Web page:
If you typically have no more than a few GB of RAM in use and if you usually don't use sleep mode more than once or twice per day, I'd say that it's reasonable to use with your SSD.
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August 9, 2011 9:42:44 PM

It sounds like there's several issues here,
1. whether the SSD can enter and recover from non-hybrid sleep.
2. avoiding hibernation and hybrid sleep because writing data from RAM uses space and wears out the SSD.

My system is powered through an USP (uninterpretable power supply) which indicates "0" power draw during sleep. After reading the comments from sminlal I changed from Hybrid Sleep to Sleep as there's probably no need to back up RAM when on UPS.

I'm still unclear as to whether non-hybrid sleep will be an issue for an SSD. It will probably take longer to boot and shut down with SSD than to wake from sleep with HDD.

Without need for daily reboots, my reasons for adding SSD reduce to,
1. desire to keep data on separate drive from OS and programs to simplify rebuilding the system when it gets corrupt (This would be satisfied by a 2nd HDD)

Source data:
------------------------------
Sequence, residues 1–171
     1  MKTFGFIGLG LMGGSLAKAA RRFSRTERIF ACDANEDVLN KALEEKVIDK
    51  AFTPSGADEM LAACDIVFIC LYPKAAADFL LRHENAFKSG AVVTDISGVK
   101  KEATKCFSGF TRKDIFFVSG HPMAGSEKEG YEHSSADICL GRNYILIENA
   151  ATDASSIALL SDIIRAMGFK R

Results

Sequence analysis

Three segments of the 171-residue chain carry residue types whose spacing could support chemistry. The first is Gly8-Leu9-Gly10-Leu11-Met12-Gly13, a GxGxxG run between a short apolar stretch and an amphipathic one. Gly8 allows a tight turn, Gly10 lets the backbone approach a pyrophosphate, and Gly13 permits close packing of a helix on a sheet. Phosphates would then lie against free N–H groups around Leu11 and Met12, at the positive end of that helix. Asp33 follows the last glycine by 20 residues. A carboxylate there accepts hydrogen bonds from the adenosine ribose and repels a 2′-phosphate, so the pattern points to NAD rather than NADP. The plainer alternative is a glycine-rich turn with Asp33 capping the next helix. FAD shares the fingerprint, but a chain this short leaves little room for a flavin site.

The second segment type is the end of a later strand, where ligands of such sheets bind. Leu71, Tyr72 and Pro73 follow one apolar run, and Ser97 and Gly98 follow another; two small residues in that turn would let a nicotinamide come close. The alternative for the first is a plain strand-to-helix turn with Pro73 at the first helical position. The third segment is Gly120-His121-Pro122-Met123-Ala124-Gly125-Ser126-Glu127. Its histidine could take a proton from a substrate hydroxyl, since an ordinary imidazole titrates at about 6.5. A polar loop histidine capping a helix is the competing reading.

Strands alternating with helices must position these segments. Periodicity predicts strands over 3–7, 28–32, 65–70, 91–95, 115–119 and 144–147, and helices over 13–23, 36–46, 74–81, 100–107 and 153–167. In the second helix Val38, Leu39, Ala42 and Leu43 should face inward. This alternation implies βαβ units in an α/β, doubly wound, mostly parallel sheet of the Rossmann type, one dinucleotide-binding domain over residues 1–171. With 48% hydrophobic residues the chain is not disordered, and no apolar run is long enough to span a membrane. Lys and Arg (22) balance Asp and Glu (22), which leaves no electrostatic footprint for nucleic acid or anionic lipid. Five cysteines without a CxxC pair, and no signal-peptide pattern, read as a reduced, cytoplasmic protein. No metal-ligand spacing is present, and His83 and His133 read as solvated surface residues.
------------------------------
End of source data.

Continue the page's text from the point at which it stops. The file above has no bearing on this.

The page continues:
2. accelerated loading of programs and that feeling of increased zippiness.
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August 9, 2011 11:35:05 PM

Who puts computers to sleep? What do I care about energy usage? If you're that concerned, don't heat or air condition your house. These use much more than any PC will.
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August 9, 2011 11:40:22 PM

ahthurungnone said:
Who puts computers to sleep? What do I care about energy usage? If you're that concerned, don't heat or air condition your house. These use much more than any PC will.

I heat my house with wood that falls in my yard, no AC, no public utilities. You may not care, but I do
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August 12, 2011 12:25:15 AM

I asked tech support at Crucial about SSD's and sleep. His response was that some systems have trouble, seems it has to do with allowing adequate time for garbage collection before sleep. It would seem that the solution here would be to set the delay before sleep sufficiently high and to minimize writes. I'm surprised that Windows 7 wouldn't manage this as it does other aspects of SSD installation.

But then maybe I should just turn off sleep and replace all my CFL's with incandescent lights and leave them on all day.
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September 30, 2012 10:50:31 AM

tecmo34 said:
Yes... I would recommend disabling sleep / hibernation. SSD use so little power there is no need to in that sense, plus their access times they startup quickly. The benefit is having it in Idle is the Garbage Collection / TRIM works best that way. Also, there are many reported issues with a SSD bricking after waking up, so it isn't worth it to me :)